A lot will be said in the coming days about Sen. John McCain and his place among a pantheon of American heroes.

It will all be very well-deserved. McCain, who was the son and grandson of admirals, was indeed a hero. The Arizona Republican’s service in Vietnam was testament to that, as was his career in the House and Senate.

McCain, who succumbed to cancer Saturday at age 81 at his ranch near Sedona, Arizona, was committed to principle.

Many of those principles were bedrock conservative ideas—faith in free markets and trade, strong national defense, defense of liberty around the world.

Others are less appreciated and increasingly rare. McCain was the sort of leader who sought to bring the nation together, not divide it. He believed fiercely in bipartisanship, not in sacrifice to principle, but in furtherance of it.

He also believed in fighting hard, but patching it up once the fight was over.

Especially in the internet age, mourning and tribute are fleeting. Even more so for a senator, whose one vote counts just as much as those of his colleagues.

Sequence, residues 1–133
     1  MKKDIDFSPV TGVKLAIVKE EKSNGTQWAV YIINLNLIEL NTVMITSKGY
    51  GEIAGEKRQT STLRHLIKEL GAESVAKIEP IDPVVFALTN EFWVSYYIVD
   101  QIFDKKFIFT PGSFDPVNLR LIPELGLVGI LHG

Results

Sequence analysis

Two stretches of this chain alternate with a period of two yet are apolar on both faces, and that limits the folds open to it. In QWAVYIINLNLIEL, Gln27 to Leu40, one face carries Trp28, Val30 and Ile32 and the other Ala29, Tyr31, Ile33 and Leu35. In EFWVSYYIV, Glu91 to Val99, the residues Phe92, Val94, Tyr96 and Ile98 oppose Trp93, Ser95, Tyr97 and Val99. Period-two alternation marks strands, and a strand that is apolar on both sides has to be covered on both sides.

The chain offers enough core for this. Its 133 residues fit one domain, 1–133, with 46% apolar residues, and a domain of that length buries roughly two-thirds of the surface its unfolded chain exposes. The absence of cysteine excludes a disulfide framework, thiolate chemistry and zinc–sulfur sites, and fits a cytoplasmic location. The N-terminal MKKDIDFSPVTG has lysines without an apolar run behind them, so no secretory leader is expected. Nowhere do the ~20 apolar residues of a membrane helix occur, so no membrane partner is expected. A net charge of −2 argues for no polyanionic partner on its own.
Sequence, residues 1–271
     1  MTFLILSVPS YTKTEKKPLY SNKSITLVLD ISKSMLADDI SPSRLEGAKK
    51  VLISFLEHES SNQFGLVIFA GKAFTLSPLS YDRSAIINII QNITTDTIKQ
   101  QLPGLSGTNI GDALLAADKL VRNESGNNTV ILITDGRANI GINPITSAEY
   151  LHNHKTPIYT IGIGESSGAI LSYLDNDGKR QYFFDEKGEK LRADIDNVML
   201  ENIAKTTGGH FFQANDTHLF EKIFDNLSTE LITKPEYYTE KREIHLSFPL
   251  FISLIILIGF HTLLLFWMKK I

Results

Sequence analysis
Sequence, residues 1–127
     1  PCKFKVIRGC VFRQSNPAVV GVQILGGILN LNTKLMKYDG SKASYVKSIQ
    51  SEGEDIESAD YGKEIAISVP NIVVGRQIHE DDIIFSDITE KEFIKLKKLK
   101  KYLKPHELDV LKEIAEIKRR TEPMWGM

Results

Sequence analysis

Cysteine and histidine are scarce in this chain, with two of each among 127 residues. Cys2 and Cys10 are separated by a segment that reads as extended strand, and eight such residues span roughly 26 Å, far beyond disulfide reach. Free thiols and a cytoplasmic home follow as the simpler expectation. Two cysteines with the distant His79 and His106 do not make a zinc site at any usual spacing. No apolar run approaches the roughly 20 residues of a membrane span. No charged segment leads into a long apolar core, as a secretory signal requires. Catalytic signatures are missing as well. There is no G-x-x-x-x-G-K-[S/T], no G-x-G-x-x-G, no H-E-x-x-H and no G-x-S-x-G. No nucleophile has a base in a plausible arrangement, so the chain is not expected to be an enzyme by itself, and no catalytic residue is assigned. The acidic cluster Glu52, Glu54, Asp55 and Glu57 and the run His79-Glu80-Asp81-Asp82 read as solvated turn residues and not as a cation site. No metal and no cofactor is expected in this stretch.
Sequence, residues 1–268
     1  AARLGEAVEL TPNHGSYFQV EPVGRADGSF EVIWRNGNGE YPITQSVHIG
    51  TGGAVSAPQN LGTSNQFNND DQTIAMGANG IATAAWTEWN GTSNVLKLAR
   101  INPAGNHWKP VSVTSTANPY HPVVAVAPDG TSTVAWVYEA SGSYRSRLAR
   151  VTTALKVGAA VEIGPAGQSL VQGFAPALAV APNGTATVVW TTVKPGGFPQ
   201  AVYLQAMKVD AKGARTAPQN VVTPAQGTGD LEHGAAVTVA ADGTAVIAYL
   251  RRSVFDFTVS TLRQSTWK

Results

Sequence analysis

Even before the praise fades, Washington will begin speculating on what the loss of that one, impersonal vote means, and who may succeed him in casting it.

What will never fade is the impact that McCain had on the people with whom he came into contact. I had the honor to work for him for six years. And there was never a day then or since that I was not proud of that fact.

He instilled in me a sense of decency in pursuit of principle that I am, in turn, passing on to my children.

I loved John McCain. I will miss him, but his family will miss him more. I hope they can console themselves just a little with the knowledge that his legacy endures.

It endures in the strong, secure, free, and prosperous nation that he served. And it endures in the many people like me who were blessed to know him.